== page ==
CMU Artists Of The Year 2010 – #4: Chilly Gonzales

In February, Jason Beck released a free mixtape to celebrate officially changing his name to Chilly Gonzales. Entitled ‘Pianist Envy’ it kick started what has been an incredibly busy and successful year for Gonzales.

Beck has, of course, recorded under the name Gonzales for a number of years, releasing numerous solo albums in the guise, and also producing artists such as Feist, Jamie Lidell and Buck 65. Although his career has spanned many genres, it all stems from the piano, an instrument on which he is classically trained and also the holder of the record for the longest ever solo performance (27 hours, three minutes and 44 seconds).

Receiving widespread acclaim, ‘Pianist Envy’ saw him apply his piano skills to a variety of hip hop and R&B tracks by the likes of 50 Cent and Kelly Clarkson over 28 minutes, with the man himself saying: “[This is] my declaration of defiance to the rappers and beatmakers who, unbeknownst to them, leave space for my musical imagination. You know those rap beats and electro songs – the ones with almost nothing in them? Well, I go all Liberace on these beats with my piano and my orchestra”. He’s not one for making half-hearted statements.

In August he released his latest album, ‘Ivory Tower’, which saw him and producers Boyz Noize throw all manner of styles at his piano compositions, adding dance beats, rapping, synths and 80s soft rock along the way to create an album that, while not perfect, has enough hooks and hits to keep you coming back. And the profile of the record was helped in no small part by its first single, ‘Never Stop’, being picked up by Apple for its iPad TV adverts.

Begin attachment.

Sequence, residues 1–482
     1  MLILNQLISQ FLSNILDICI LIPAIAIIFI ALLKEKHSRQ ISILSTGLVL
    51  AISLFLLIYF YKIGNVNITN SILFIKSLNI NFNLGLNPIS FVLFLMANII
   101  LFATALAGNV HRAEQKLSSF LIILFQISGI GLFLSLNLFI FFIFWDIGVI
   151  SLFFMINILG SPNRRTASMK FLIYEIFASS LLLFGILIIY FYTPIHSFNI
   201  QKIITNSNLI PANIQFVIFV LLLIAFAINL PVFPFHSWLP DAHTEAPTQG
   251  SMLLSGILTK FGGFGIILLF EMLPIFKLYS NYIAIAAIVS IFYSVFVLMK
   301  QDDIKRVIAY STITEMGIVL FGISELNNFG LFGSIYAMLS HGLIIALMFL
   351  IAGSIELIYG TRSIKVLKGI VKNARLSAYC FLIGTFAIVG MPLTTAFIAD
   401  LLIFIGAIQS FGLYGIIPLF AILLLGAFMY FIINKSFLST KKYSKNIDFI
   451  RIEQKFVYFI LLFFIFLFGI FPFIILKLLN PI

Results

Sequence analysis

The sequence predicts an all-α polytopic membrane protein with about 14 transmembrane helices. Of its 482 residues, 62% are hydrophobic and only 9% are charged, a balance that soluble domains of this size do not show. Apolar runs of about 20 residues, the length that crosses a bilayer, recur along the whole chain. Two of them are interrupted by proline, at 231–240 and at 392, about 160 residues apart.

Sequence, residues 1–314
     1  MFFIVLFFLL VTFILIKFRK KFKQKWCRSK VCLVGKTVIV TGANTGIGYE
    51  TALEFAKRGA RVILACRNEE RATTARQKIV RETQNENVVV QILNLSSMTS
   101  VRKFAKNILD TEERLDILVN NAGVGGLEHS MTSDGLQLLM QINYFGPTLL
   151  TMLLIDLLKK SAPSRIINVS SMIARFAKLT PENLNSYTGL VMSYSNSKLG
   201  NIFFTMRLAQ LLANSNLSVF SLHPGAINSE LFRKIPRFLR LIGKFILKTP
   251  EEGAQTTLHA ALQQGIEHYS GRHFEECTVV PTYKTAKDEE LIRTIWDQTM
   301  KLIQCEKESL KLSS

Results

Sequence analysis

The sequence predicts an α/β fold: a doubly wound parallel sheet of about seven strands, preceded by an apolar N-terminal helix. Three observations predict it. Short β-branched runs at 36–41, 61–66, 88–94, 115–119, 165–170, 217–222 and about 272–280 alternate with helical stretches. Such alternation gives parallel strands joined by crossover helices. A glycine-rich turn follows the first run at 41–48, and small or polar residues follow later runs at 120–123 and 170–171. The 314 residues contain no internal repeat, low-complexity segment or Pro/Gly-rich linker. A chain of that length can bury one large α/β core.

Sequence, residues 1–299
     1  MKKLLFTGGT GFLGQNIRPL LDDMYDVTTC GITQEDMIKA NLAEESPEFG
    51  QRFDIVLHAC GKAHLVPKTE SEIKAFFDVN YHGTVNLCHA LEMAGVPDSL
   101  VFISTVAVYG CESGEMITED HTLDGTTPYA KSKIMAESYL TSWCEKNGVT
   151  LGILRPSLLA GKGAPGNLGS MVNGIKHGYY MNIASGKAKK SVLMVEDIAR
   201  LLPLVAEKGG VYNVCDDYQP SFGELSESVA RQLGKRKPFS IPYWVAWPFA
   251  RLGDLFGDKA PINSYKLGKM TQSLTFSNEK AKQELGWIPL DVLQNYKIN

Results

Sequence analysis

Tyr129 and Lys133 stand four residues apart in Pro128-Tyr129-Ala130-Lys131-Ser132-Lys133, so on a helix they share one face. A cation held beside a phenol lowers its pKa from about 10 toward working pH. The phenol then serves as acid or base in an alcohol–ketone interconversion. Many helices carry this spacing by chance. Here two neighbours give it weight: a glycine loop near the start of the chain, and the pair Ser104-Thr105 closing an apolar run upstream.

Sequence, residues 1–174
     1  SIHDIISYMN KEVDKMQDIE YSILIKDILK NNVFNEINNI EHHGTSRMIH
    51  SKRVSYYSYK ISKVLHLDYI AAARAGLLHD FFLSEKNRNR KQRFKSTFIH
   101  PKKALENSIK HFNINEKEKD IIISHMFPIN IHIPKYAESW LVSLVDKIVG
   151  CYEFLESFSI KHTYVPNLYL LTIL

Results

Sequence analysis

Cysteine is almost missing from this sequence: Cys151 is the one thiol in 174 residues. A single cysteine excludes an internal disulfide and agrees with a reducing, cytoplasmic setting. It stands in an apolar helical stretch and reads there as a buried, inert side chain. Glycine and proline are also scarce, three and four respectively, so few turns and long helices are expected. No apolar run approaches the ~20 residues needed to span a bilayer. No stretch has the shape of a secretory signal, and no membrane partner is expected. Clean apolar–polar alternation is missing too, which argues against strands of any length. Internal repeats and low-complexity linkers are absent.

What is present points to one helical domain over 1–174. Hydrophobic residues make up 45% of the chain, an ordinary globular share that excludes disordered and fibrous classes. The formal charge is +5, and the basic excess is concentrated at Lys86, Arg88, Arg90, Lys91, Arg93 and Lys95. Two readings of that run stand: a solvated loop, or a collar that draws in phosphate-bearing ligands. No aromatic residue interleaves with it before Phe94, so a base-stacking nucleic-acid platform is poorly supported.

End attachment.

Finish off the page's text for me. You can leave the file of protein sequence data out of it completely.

Coinciding with the album release, Gonzales also began screening his first film, also called ‘Ivory Tower’ and featuring music from the record. Billed as an “existential sports comedy”, Team CMU was treated to the first airing of the film in Germany, at the Reeperbahn Festival in Hamburg in September.

Directed by Adam Traynor and starring Gonzales along with fellow musicians Peaches and Tiga, the film follows two champion chess player brothers in a bitter battle of love and chess. This probably sounds weird already, and I haven’t even tried to explain the concept of ‘jazz chess’, which runs through the entire movie. Although it takes a while to settle into, about 30 minutes in ‘Ivory Tower’ becomes one of the funniest and most quotable films we’ve seen in a long time. Tiga, in particular, turns out to be an incredible comic actor.

But that’s not all. As anyone who has witnessed it will know, the Gonzales live show is where his genius really lies, and I’ve been lucky enough to see him play three times this year, both solo and with a full band. What’s unique about his show is that he manages to blend music and comedy without diluting either, something he seems to have totally perfected in 2010. He can dazzle you with incredible musicianship and make you laugh until your face hurts both separately and at the same time, resulting in one of the most entertaining shows on the live music circuit.

As well as all of this, he even provided piano accompaniment for Peaches’ solo performances of Andrew Lloyd Webber musical, ‘Jesus Christ Superstar’. I hope he has a rest soon, he’s going to tire himself out. Maybe release the ‘Ivory Tower’ film on DVD next, that probably doesn’t require much exertion.

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